The total expense of having a cochlear implant device implanted is approximately $45,000.  This cost includes the costs of preoperative screening and consultation, surgery, the device, postoperative training and implant programming, and maintenance. However, it is important to know that there are many programs such as Medicare, Medicaid and private insurance, that cover most, if not all, of the costs. Nevertheless, the patient still has some associated financial burden

Detailed Breakdown of Implant Related Costs


              Since 1985 Medicare has provided monetary coverage for approximately of the total costs associate with obtaining a cochlear implant.  Cochlear implants are considered to be Durable Medical Equipment (DME) and are reimbursed as a prosthetic device. Although Medicare traditionally provides coverage primarily for those greater than 65 years of age, there are some younger patients who are eligible for Medicare coverage under certain circumstances.  To be eligible for Medicare benefits the potential patients must meet the following criteria:

Adults:  Cochlear implants may be covered for adults (over age 18) for prelinguistically, perilinguistically, and postlinguistically deafened adults. Adults who have lost their hearing after obtaining language skills must demonstrate test scores of 30 percent or less on sentence recognition scores from tape-recorded tests in the patient's best listening condition in order to be eligible.

Children:  Cochlear implants may be covered for prelinguistically and postlinguistically deafened children ages 2 through 17. Bilateral profound sensorineural deafness must be demonstrated by the inability to improve on age appropriate closed-set word identification tasks with amplification

The coverage for the surgery can be reimbursed under either Part A or Part B of Medicare, partially dependent upon whether the implantation operation was performed on an inpatient or outpatient basis. Part A covers the costs of the procedure when performed on an inpatient basis.  Part B provides benefits for the costs of the procedure when performed on an outpatient setting.  In addition, Part B pays for long-term postoperative care and maintenance.

Part A Coverage Summary:

Reimbursement is dependant on the Diagnosis Related Group (DRG) “Major Head and Neck Procedures”.  This DRG allots on average $9,000 as a global fee to pay for all inpatient costs including the cost of surgery, cochlear implant device, and overnight care.  It is important for patients to know that they are not financially responsible for any costs that covered by Part A of Medicare, but not in its entirety. The maximum cost that a patient can incur under Part A is the traditional $768 deductible.  However, Part A does not cover care after 90 days, most notably audiological postoperative training and programming.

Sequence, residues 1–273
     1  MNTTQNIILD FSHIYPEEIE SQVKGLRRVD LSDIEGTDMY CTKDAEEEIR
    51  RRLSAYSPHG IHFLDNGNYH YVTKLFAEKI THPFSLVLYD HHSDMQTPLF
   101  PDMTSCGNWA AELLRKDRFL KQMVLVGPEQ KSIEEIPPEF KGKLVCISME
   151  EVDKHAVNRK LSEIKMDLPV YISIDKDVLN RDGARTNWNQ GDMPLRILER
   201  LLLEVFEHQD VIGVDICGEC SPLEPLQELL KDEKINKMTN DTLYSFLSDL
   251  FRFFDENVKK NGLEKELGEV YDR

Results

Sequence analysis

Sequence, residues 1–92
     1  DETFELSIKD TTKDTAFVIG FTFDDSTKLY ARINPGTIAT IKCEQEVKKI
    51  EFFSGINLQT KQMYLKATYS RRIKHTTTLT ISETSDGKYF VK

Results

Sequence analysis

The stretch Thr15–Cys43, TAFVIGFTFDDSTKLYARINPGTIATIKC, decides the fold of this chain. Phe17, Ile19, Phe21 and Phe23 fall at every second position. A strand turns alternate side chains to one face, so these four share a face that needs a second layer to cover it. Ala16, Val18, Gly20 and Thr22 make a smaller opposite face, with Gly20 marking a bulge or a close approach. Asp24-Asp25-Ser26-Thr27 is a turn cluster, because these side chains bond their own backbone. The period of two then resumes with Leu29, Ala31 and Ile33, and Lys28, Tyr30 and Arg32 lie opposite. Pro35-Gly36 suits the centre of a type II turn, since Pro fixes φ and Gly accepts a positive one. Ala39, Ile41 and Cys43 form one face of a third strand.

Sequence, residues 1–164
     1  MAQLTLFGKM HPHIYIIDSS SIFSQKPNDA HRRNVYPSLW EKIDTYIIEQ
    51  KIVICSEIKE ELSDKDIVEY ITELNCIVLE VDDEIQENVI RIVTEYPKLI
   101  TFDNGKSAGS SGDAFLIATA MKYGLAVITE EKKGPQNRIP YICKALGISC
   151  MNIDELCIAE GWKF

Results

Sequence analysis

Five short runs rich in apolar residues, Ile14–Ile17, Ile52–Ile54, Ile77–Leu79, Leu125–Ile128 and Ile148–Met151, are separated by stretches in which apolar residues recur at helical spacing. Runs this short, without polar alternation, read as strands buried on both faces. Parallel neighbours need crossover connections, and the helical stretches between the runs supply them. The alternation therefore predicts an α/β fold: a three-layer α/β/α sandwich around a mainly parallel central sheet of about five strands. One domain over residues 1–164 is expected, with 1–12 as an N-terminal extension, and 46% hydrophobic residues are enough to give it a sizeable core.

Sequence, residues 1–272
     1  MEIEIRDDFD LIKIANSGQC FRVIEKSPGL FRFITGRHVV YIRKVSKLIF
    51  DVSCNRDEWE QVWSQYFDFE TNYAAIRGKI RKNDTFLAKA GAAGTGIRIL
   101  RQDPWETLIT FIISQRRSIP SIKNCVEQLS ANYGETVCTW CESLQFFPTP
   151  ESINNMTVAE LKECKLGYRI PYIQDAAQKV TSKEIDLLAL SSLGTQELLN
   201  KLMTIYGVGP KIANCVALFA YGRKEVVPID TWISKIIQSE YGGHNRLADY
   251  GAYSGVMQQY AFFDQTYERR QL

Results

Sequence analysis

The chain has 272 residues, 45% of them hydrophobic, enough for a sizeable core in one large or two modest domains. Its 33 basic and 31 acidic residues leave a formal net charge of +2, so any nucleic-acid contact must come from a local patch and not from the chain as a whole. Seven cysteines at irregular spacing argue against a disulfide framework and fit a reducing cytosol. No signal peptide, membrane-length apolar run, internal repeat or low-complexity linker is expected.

Part B Coverage Summary:

In a manner similar to Part A reimbursement, Part B of Medicare reimburses the cost of the device through a lump-sum amount that varies depending on billing code.  On average the reimbursement is $13,162-$17,550.  In addition, the costs of the hospital, surgery, and physician are billed separately to Medicare. Under Part B coverage patients can be liable for up to 20% of the total hospital charges, but no more (approximately $8,000 at upper end). This 20% co-payment is the traditional Medicare co-payment. However, steps are being taken to reduce the potential burden to 20% of the Medicare payments. Part B also provides coverage for cochlear implant services rendered more then 90 days after surgery.  Most notably, post operative audiologist consultations and the repair or replacement of the implant components. Audiologist are reimbursed based upon the Medicare fee schedule, which is currently $90 per hour long consultation. 


Patient’s Financial Burden:

A patient’s potential financial burden depends on whether or not their physician is a “Participating” or “Non-Participating” care giver.  A participating care giver (most physicians) agrees to accept Medicare reimbursement as total payment without balance billing the patient above the traditional 20% copayment.  However, non-participating caregivers (most audiologists and hospitals) are allowed to balance bill patients for non-covered services up to 115% or 95% of the Medicare fee schedule.  It is important to patients to ask their care providers about their participation status to minimize potential financial burdens.  As a final Medicare note, patients the final say in deciding which cochlear implant they wish to have implanted.  It is illegal for a manufacturer or physician to provide any renumeration of inhibition of the patient’s choice as per the Anti-Kickback Statute.  



As of 1994, all states fully reimburse the cost of the implant to those eligible under the guidelines of each state’s Medicaid program.  There are slight variations in the process of securing coverage among states. Although many states do not expressly provided coverage for cochlear implants for children, if a patient’s physician submits a prior authorization request, the request cannot be denied under the Early and Periodic Screening, Diagnosis, and Treatment Program (EPSDT).  In addition, similar coverage is available for adults under the Americans With Disabilities Act (ADA).  However, patients must be eligible for Medicaid coverage as per their states statutes in order to apply for benefits under the EPSDT or ADA. Please view the “Links” page for more specific state-by-state benefits eligibility requirements and coverage.  


Private Insurance:

Most insurers provide coverage for a significant portion of the implant.  Please view the “Links” page for access to specific coverage benefits for many major insurers.